FALL 2022 NEWSLETTER
Schanker and Schanker PLLC is a premier Estate Planning law firm. We offer legal services for sophisticated Estate and Gift Tax planning, Decedent Estate Administration and Probate services, Business Succession Planning, Charitable Giving, Special Needs Planning for persons with disabilities, simple Will planning, and all aspects of Elder Law planning including Medicaid planning and applications. Our website, www.schankerlawfirm.com, provides detailed information about our practice and the services we offer. It also is an excellent resource for articles of interest about Estate Planning and Estate and Gift Tax Laws. A copy of each newsletter will always be available on our website. Estate Planning is so much more than just tax planning. There is a considerable decision-making process. Schanker and Schanker PLLC has over 40 years of experience in counseling clients for their Estate Planning needs. As always, we encourage feedback from our readers. If there are any topics you wish for us to specifically address or elaborate on, please email me at: firstname.lastname@example.org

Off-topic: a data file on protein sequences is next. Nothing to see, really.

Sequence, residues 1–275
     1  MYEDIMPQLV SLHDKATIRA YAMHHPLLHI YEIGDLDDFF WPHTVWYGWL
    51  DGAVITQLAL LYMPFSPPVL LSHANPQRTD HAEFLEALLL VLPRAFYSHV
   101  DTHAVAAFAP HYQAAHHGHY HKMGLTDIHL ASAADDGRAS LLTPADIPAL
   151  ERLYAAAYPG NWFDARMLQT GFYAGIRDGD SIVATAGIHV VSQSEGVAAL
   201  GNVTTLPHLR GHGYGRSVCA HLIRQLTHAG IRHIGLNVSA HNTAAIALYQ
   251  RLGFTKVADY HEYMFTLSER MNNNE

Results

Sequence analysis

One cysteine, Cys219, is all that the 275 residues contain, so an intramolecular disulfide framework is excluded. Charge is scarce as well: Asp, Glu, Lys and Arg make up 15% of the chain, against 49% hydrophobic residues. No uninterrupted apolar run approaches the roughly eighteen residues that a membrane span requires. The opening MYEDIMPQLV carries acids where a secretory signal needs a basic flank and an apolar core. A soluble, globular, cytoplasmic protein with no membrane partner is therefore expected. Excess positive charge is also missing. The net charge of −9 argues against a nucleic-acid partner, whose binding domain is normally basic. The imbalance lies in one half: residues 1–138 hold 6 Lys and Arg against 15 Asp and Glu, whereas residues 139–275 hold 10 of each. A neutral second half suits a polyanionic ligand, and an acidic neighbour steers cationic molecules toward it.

Estate Planning Basics